WAC 2022 banner
IVES 9 IVES Conference Series 9 WAC 9 WAC 2022 9 1 - WAC - Posters 9 Vineyard management strategies adopted to mitigate the impacts of climate change affect the evolution of phenolics and color during bottle aging of Aglianico wines

Vineyard management strategies adopted to mitigate the impacts of climate change affect the evolution of phenolics and color during bottle aging of Aglianico wines

Abstract

In recent years several strategies have been proposed to cope with the effect of climate change on grape berry quality but only a few studies have dealt with the influence of management practices implemented in the field (e.g. irrigation,summer pruning, etc.), on the evolution of wines over time. 
Three irrigation treatments (I0,I50,I100) and three shoot trimming treatments (T0,T30,T75) were applied to Aglianico grapevines for two consecutive years(2017 and 2018), thus resulting in nine experimental samples, namely T0I0, T0I50, T0I100, T30I0, T30I50, T30I100, T75I0, T75I50, T75I100. The grapes were harvested and vinified separately, the vinifications were standardized and, after stabilization, the wines obtained were bottled and aged in controlled conditions. Apart from base parameters of grapes and wines, the phenolic composition of hydroalcoholic extracts derived from skins, grape seeds and wines were determined just after the end of vinification and after a long bottle aging (4 and 5 years). Likewise, the chromatic characteristics of wines were analysed as well.
Berry soluble solid content and alcohol concentration in wines turned out to be reduced by shoot trimming and deficit irrigationin eitherseason. However, these effects were enhanced in the first year of treatment. Severe shoot trimming treatment induced a significant decrease in the amount of tannins extractable from skin and seeds that reached a reduction of 83% in grapes under severe water deficit and severe shoot trimming in 2017. Both treatments determined a decrease in anthocyanins extractable from grape skins (never above 17%) determining a significant effect also on color intensity and hue in the wines of both the 2017 and 2018 vintages. The vintage drastically influenced the amount of flavanols and tannins but the effect of the trimming treatment was comparable. Although the great production of polymeric pigments over time in all wines, the effect detected on grapes and wines just after fermentation is still evident for color intensity,tannins and vanillin index after bottle aging.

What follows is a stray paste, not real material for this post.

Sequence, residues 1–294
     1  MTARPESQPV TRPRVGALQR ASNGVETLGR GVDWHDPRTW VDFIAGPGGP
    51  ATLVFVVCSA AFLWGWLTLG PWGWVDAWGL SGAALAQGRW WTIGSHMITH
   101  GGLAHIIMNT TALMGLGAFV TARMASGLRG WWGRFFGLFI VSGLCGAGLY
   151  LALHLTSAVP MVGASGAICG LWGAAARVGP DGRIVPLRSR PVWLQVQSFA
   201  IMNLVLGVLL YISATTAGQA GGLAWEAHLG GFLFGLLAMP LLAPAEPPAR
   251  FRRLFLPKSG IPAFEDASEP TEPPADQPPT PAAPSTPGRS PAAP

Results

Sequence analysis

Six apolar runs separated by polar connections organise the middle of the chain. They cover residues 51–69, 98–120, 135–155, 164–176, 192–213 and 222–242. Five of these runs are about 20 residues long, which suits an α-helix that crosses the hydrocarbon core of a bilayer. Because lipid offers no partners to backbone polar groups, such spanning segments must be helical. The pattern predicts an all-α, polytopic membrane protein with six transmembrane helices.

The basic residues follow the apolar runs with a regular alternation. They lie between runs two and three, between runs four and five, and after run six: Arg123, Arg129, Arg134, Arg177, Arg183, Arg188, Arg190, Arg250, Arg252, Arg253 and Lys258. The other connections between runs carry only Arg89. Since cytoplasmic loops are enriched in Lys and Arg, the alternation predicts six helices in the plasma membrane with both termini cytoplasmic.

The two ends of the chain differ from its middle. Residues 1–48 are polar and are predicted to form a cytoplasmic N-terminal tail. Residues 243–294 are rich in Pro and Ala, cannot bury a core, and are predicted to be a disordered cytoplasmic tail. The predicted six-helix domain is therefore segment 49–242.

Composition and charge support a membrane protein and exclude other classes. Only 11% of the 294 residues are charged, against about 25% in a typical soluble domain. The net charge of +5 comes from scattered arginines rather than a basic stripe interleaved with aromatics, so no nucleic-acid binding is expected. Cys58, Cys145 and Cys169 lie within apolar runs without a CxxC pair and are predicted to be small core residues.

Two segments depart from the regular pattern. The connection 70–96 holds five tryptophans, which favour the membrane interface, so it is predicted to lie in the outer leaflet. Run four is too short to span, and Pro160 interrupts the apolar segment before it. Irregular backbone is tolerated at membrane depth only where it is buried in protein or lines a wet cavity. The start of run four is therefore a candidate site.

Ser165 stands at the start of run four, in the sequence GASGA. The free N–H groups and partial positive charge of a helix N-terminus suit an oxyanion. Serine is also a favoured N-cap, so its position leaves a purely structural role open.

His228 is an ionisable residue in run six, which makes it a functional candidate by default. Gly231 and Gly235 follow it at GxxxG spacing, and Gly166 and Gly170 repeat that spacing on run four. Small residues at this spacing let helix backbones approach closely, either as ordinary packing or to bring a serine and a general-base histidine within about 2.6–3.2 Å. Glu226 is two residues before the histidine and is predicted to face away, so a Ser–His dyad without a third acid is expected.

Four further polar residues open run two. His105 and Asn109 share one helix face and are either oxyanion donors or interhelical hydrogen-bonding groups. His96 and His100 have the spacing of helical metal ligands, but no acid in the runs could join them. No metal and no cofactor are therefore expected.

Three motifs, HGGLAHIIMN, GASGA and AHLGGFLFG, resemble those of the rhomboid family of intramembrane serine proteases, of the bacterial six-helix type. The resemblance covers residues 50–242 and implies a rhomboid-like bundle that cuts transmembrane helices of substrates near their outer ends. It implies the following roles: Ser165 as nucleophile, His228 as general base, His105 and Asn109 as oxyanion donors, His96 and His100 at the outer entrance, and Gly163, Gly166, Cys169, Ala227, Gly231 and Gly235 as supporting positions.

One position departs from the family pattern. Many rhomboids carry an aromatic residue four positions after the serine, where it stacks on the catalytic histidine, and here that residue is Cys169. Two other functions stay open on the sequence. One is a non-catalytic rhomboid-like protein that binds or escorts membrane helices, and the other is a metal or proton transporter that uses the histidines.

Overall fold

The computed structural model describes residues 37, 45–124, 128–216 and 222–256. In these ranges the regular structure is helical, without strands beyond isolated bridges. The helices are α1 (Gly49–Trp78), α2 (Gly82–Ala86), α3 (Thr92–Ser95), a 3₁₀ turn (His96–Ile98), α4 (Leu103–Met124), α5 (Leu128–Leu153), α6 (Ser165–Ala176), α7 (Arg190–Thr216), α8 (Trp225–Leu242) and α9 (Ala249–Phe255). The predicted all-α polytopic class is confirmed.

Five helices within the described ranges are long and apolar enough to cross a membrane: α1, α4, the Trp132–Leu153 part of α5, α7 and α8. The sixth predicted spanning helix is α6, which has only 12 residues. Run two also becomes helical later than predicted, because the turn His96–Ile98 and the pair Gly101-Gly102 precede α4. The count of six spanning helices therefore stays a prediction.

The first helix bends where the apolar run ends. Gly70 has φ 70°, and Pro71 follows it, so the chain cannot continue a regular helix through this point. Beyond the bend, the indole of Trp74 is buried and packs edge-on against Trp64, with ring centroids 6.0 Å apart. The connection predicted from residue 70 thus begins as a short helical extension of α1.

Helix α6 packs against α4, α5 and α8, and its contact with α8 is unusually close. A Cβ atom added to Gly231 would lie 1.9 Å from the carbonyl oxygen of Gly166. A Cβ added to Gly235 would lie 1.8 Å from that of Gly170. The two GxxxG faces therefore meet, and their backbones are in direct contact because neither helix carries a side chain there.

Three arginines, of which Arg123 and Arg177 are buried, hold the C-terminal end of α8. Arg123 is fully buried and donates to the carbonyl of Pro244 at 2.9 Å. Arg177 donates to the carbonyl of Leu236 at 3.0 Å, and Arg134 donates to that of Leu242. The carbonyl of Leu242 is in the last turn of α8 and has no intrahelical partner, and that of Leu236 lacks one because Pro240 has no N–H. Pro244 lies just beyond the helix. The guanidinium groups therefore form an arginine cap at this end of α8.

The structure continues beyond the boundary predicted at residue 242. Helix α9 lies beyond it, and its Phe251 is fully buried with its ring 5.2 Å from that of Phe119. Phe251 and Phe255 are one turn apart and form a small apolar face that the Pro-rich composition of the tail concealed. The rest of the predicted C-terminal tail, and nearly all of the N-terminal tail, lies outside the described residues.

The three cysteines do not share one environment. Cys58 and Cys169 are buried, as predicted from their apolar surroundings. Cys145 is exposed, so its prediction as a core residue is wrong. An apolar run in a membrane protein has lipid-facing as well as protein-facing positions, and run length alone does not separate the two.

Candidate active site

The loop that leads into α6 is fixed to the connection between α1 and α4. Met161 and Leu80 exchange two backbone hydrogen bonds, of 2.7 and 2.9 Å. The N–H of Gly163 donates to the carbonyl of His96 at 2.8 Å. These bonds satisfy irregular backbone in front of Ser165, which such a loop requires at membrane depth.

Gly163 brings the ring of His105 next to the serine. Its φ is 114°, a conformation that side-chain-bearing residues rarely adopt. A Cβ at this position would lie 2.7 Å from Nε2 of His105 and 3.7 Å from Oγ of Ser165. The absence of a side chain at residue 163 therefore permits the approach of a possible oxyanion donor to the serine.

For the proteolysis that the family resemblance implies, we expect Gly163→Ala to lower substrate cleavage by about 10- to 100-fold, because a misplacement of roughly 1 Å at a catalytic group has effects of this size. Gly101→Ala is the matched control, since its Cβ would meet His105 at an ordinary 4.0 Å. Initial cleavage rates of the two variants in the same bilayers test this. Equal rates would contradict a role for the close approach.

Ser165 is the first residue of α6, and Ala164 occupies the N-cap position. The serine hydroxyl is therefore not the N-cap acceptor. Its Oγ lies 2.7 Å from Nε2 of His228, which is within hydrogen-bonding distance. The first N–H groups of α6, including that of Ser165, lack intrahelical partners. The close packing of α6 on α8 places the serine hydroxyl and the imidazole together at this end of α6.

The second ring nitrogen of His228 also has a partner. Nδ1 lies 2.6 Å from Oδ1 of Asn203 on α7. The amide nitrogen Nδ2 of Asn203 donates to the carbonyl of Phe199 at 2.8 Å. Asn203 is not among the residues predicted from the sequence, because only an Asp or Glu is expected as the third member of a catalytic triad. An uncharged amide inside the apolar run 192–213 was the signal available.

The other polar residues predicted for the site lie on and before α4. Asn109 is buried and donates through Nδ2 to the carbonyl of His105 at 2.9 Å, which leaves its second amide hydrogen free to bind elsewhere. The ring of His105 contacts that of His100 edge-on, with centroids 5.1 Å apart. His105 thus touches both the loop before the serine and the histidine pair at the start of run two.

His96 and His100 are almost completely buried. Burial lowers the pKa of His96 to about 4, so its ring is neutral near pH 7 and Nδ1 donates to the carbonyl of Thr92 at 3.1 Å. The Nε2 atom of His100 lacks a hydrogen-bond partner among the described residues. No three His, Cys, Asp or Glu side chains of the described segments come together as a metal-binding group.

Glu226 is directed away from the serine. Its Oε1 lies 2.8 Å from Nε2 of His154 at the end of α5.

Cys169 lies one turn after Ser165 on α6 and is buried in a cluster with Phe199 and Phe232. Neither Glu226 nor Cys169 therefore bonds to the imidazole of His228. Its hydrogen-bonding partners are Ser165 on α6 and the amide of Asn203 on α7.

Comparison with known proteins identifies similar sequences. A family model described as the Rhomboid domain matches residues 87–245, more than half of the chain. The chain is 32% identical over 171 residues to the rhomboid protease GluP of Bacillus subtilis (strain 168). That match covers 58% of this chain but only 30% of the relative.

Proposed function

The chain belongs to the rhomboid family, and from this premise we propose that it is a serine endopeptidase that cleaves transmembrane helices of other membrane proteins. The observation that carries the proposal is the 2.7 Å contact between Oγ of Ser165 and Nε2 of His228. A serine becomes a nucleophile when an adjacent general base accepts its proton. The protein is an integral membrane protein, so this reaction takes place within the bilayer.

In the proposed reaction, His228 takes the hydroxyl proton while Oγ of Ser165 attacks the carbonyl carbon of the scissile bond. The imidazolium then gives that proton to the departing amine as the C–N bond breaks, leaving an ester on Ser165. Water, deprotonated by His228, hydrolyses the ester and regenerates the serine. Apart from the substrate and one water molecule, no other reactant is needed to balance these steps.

The results obtained in this work showed that, apart from the expected effect on soluble solids of grapes and alcohol content of wines, a strong effect of shoot trimming on tannins and vanillin index was detected. If further confirmed by other experiments, the trimming could be an interesting practice for the production of wines with lower amounts of tannins and, likely, less astringent.

DOI:

Publication date: June 13, 2022

Issue: WAC 2022

Type: Article

Authors

Antonio, Guerriero, Boris, Basile, Alessandro, Mataffo, Antonio, Dente, Martino, Forino, Antonio, Guerriero, Luigi, Picariello, Massimo, Di Renzo, Pasquale, Scognamiglio, Daniela, Strollo, Luigi, Moio, Angelita Gambuti

Presenting author

Antonio, Guerriero – University of Naples Federico II

University of Naples Federico II | Mastroberardino Spa

Contact the author

Keywords

Aglianico, vineyard strategies, climate change, bottle aging, phenolics